Second Life of a Hungarian SharePoint Geek

July 7, 2018

Checking user properties in Active Directory using PowerShell to identify logon issues

Filed under: Active Directory, PowerShell, Tips & Tricks — Tags: , , — Peter Holpar @ 17:45

While supporting a SharePoint environment having several thousands of users from multiple Active Directory domains, we have quite often complains, that one can not access the site. Beyond trivial network related problems, like incorrect proxy settings, it is probably the second most common reason for such complains having issues with the Active Directory account of the user.

To support such cases, I wrote a short PowerShell script that checks for the most common problems, like User must change password at next logon flag is activated, account is disabled or locked out, and password expired. Prerequisite: you should have PowerShell Active Directory module installed.

$userLogin = ‘Domain\UserName’
$userLoginSplitted = $userLogin.Split(‘\’)
$domainName = $userLoginSplitted[0]
$dcServer = Get-ADDomainController -Discover -DomainName $domainName

$user = Get-ADUser -Identity $userLoginSplitted[1] -Server $dcServer.HostName[0] -Properties Enabled, LockedOut, PwdLastSet, PasswordNeverExpires, msDS-UserPasswordExpiryTimeComputed
$pwdNeverExp = $user.PasswordNeverExpires
$pwdExpiresOn = If ($pwdNeverExp) { $null } Else { [DateTime]::FromFileTime($user."msDS-UserPasswordExpiryTimeComputed") }

Write-Host Checking user: $userLogin
Write-Host User must change password at next logon: $($user.PwdLastSet -eq 0)
Write-Host Account disabled: $(!$user.Enabled)
Write-Host Account locked out: $($user.LockedOut)
Write-Host Password expired: $((!$pwdNeverExp) -and ($pwdExpiresOn -lt [DateTime]::Now))

First thing to highlight in the script is how we get and use the domain controller. Getting the domain controller is the easy part, after splitting the user login name to a domain name and a user name, you simply invoke the Get-ADDomainController cmdlet with the Discover switch and passing the domain name you are looking for in the DomainName parameter.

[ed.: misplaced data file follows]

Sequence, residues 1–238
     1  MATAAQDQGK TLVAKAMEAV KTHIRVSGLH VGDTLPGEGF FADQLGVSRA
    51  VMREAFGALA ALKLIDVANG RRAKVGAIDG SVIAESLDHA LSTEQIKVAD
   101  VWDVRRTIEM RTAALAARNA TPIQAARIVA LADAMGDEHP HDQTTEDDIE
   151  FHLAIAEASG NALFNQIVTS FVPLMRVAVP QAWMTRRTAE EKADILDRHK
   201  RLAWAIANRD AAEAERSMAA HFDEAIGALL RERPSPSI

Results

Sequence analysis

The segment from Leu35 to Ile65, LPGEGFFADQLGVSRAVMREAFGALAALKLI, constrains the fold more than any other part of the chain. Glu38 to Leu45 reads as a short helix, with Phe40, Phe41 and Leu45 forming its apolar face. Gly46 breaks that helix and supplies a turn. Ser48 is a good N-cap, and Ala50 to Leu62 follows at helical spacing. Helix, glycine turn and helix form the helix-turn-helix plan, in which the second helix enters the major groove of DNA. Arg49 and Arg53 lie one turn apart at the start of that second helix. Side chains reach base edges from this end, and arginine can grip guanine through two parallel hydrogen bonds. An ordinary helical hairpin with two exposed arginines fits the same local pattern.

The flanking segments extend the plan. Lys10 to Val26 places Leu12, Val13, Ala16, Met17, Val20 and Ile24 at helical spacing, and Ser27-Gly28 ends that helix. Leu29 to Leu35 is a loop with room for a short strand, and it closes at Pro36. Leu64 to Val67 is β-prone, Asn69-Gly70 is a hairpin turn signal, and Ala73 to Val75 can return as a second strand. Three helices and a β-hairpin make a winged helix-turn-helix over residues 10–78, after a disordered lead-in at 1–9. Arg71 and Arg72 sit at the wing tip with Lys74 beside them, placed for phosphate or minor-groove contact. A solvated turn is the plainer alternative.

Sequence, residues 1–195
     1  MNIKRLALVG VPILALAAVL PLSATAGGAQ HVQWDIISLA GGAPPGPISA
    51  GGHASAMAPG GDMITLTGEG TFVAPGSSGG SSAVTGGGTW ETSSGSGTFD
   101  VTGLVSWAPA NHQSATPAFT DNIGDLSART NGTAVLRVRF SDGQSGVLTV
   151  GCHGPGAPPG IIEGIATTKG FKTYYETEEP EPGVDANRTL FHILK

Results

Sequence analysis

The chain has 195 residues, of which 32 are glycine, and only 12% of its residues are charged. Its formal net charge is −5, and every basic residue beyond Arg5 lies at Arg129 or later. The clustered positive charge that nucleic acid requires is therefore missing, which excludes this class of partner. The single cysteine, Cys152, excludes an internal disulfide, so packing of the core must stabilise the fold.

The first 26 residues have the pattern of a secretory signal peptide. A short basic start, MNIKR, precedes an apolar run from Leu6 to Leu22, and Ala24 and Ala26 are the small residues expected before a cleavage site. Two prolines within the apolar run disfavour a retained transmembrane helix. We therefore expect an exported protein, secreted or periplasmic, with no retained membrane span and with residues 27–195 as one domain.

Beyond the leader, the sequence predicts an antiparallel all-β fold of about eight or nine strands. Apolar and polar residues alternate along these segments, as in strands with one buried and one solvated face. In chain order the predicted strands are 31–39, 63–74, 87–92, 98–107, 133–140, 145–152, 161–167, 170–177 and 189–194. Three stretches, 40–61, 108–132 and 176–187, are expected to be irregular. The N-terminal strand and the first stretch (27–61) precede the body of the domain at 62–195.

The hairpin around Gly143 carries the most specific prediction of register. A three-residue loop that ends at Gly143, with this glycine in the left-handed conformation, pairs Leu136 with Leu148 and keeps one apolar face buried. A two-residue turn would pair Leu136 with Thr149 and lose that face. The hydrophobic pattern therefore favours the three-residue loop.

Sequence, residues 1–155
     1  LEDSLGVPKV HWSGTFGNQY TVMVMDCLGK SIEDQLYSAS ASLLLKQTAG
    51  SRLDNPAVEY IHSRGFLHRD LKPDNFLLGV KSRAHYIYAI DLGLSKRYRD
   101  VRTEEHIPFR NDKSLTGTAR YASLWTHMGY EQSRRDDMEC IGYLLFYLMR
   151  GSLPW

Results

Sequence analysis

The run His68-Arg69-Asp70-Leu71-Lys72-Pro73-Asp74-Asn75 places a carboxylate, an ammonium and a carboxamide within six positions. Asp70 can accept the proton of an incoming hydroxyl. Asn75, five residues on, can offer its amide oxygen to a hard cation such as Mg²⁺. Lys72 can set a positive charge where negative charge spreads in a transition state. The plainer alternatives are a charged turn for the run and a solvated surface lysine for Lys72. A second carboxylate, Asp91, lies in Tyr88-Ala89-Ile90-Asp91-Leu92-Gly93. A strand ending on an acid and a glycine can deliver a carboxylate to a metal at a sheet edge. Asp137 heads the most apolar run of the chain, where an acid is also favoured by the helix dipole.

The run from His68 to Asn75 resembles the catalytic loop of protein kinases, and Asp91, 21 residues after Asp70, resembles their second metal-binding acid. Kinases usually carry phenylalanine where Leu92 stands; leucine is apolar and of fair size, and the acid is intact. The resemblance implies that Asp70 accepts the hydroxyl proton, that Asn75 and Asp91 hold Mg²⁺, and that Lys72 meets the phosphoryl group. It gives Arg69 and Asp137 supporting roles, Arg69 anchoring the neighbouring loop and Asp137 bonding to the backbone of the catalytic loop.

Using the value returned is a bit more complicated, at least until you learn how to do it the right way. Although Active Directory cmdlets support the Server parameter, there is a lot of confusion how to use it correctly. If you simply pass the domain controller as you received it in the previous step from the Get-ADDomainController cmdlet, like:

$user = Get-ADUser -Identity $userLoginSplitted[1] -Server $dcServer

you receive this error message:

Unable to contact the server. This may be because this server does not exist, it is currently down, or it does not have the Active Directory Web Services running.

After researching the samples on the web (like Get-ADUser -Server ‘servername’) and the official documentation of the Get-ADUser cmdlet we realized that the Server parameter requires a string value, so passing the $dcServer (of type Microsoft.ActiveDirectory.Management.ADDirectoryServer) was really not a good idea. But wait, scrolling through the properties of $dcServer by PowerShell autocomplete shows it has a property called HostName. That sounds really promising! Try it out!

$user = Get-ADUser -Identity $userLoginSplitted[1] -Server $dcServer.HostName

Now you have another error message:

Cannot convert ‘Microsoft.ActiveDirectory.Management.ADPropertyValueCollection’ to the type ‘System.String’ required by parameter ‘Server’. Specified method is not supported.

Well, that means that the HostName property is of type Microsoft.ActiveDirectory.Management.ADPropertyValueCollection and not a string either, even though PowerShell displays it as string if you output it like $dcServer.HostName. To get the name of the domain controller as string you should address it in the collection using an array indexer, like $dcServer.HostName[0].

So the right usage is:

$user = Get-ADUser -Identity $userLoginSplitted[1] -Server $dcServer.HostName[0]

although you might check first if there was any domain controller found ($dcServer and its HostName property not null, and HostName has at leas a single entry) if you want to be sure.

Note furthermore, that the largest possible 64-bit value (2^63-1 = 9223372036854775807) in property msDS-UserPasswordExpiryTimeComputed means PasswordNeverExpires is true. Invoking the FromFileTime method using this value would cause an error:

Exception calling "FromFileTime" with "1" argument(s): "Not a valid Win32 FileTime. Parameter name: fileTime"

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